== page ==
COLLEGE PARK -- Duke was breaking with tradition this season by rushing more than passing, but that should change Saturday when the Blue Devils meet Maryland at Wade Stadium in Durham, N.C.
"I wouldn't be surprised if they came out on their first four plays and try to hit a long one," said Mike Lacy, a Maryland cornerback. "I know they're going to test us."
Almost every other team has, and Maryland (1-6) has flunked. Wake Forest was the latest team to toast Maryland's pass defense.
Demon Deacons quarterback Keith West entered the Maryland game Saturday averaging 133.4 yards passing. He left completing 17 of 30 passes for 331 yards, including a 49-yard touchdown. He had passes of 49, 51, 39 and 33 yards.
Maryland coach Mark Duffner has vowed to eliminate the big play, but hasn't revealed whether he will do it with a nickel or dime defense, man or zone coverage, or the bump and run.
He is sure, too, that Duke will come out throwing. Duke is fourth in the Atlantic Coast Conference in passing, averaging 230.2 yards. That's way down from past years, but Maryland is allowing 320.3, and the Terps have been hurt by play-action passes.
"If Duke didn't have a lot of play-action in their offense, I bet they do now," said Duffner. "Our defense bit on the run, and by the time we realized that it was a pass, the ball was flying over their heads. We've just got to be a little more instinctive."
The Terps like to apply a lot of defensive pressure. They like to blitz and use multiple fronts, including a seventh man in the middle of the field. But blitzing has left their cornerbacks one-on-one with receivers. And sometimes, the Terps aren't winning.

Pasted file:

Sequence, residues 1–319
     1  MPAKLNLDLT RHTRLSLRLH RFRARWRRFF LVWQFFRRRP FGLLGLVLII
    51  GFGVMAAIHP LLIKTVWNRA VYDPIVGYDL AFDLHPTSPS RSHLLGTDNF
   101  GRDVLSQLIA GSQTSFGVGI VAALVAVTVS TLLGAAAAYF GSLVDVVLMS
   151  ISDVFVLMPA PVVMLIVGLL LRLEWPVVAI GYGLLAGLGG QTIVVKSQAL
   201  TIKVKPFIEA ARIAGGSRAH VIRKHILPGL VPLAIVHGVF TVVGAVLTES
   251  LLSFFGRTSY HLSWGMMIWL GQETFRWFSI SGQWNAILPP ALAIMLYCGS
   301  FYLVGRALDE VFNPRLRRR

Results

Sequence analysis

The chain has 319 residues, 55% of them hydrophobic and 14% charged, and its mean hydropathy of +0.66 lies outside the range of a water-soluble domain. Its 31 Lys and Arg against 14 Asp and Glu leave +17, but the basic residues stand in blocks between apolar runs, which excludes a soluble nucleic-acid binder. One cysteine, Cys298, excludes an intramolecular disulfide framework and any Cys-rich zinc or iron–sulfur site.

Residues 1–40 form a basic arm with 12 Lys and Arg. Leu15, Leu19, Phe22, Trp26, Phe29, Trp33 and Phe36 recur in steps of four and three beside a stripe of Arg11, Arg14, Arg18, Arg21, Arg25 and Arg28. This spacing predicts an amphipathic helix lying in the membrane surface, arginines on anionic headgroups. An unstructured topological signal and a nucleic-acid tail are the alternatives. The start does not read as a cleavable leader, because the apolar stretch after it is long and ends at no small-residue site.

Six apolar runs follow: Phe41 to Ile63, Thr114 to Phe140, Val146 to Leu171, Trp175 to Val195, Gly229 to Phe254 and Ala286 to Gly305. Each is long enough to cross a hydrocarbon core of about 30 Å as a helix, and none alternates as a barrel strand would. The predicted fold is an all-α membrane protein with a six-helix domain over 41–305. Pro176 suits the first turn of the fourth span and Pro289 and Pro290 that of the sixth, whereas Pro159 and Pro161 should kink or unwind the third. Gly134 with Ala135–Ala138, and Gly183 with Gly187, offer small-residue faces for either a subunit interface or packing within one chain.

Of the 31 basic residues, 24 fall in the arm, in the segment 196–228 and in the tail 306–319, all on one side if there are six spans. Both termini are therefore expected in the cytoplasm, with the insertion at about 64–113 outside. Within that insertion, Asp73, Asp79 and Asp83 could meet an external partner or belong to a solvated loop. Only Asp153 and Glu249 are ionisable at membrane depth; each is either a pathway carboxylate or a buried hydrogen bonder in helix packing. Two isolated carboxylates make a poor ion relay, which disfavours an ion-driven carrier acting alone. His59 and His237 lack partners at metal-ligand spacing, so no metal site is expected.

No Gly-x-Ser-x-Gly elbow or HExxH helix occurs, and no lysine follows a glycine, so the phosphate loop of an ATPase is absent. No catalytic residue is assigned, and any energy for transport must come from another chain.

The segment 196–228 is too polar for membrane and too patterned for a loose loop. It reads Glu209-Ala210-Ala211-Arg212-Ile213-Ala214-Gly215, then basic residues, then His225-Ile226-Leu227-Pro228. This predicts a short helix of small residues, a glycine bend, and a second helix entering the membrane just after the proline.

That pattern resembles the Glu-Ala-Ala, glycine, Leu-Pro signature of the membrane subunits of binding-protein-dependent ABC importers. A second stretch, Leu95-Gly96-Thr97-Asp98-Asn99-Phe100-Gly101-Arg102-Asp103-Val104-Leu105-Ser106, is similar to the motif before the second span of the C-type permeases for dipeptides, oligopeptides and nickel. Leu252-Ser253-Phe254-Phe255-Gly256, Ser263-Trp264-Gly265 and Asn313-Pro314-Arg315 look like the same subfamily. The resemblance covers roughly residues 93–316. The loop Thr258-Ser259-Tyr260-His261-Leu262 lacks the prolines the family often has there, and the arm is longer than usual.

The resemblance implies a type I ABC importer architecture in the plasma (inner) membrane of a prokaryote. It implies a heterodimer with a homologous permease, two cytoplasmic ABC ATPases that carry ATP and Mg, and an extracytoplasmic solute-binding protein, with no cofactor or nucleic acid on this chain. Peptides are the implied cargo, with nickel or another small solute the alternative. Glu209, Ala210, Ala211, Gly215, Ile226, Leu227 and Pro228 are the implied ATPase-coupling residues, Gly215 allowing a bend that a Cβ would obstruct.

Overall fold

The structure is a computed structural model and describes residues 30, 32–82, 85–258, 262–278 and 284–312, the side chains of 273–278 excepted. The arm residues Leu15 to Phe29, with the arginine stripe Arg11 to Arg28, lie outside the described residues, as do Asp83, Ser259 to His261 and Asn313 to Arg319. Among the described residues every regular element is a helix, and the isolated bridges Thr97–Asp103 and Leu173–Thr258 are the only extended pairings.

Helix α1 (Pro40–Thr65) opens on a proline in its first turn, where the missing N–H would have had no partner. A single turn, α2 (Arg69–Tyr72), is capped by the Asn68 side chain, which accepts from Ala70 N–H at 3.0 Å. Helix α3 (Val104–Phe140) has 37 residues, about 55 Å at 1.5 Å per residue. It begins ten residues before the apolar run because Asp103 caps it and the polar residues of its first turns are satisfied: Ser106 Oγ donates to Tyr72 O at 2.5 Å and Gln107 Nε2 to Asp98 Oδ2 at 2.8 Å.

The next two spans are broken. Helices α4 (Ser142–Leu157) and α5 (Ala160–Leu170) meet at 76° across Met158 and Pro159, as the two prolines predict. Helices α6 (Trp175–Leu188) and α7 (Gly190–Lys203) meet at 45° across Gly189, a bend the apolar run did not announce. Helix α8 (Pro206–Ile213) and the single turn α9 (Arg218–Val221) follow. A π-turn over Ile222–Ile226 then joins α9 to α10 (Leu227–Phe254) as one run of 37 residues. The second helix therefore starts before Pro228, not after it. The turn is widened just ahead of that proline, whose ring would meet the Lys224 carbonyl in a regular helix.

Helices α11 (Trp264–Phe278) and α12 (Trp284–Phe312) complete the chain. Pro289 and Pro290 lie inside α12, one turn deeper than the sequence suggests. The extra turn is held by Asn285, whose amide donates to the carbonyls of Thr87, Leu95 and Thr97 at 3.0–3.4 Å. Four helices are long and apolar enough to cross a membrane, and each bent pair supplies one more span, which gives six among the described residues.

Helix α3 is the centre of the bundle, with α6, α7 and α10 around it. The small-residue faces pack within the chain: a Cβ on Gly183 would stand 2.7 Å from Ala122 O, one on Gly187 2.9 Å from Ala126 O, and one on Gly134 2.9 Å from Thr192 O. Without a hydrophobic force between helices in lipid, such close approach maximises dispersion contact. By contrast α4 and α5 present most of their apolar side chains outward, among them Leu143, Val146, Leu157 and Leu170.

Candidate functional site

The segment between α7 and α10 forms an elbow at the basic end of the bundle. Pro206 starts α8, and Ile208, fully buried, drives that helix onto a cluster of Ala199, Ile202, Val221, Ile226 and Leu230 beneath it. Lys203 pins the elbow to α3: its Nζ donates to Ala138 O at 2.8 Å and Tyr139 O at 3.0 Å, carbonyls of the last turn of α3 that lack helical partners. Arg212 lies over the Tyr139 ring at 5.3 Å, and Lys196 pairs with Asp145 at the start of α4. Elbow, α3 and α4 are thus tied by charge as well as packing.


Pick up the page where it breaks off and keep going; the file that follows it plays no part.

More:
Also, the secondary lacks playing time together. Lacy, a freshman, and sophomore Gene Green were the starters at cornerback when the season opened, along with senior safeties Scott Rosen and Bill Inge.
Duffner, though, moved Rosen to one corner to get more experience and better play in the lineup and senior Andre Vaughn started at free safety. But in the past two weeks, Vaughn (disk problems in neck) and Rosen (sprained ankles) have been in and out of the lineup with injuries and Vaughn is doubtful for Saturday's game. Senior Brandon Bertha has been inserted into the starting lineup at left cornerback.
"We have some good quality athletes in the secondary, and there's a lot of competition to start, but we have problems with communication," said Lacy.
Maryland linebacker Mike Jarmolowich agreed. He has played with a new inside linebacker in each of the past four games.
"We're getting caught with players in bad situations," said Jarmolowich. "We got guys lining up wrong, guys on the wrong assignments. The big play has been hurting us all year. But this is a new defense and we're still learning it."
But after seven games, wouldn't the Terps know how to line up correctly?
"It depends on the new people in the lineup," said Jarmolowich.
As for the play-action passes, Maryland has been getting burned by them all year. Fake the handoff to the halfback or fullback, bring in the linebackers, then go over the top for big yards down the middle to one of the running backs.
N.C. State did it twice. Penn State once. Wake Forest twice.
When is this team going to learn?
"Actually, it was good execution and it worked the way they probably drew it up," said Duffner. "Our linebackers did as they were coached, to honor the run, and the running back got behind them. In one case, the cornerback could have made the play [he was defending two players] but he turned the wrong way in a zone defense."
But where were the safeties?
"They started picking up the backs in the third quarter," said Lacy, reluctantly.
"More than anything else, it's just getting some experience in winning," Duffner said. "When you win, you understand what it's all about. That enables players to make plays at the end of the game that make a difference."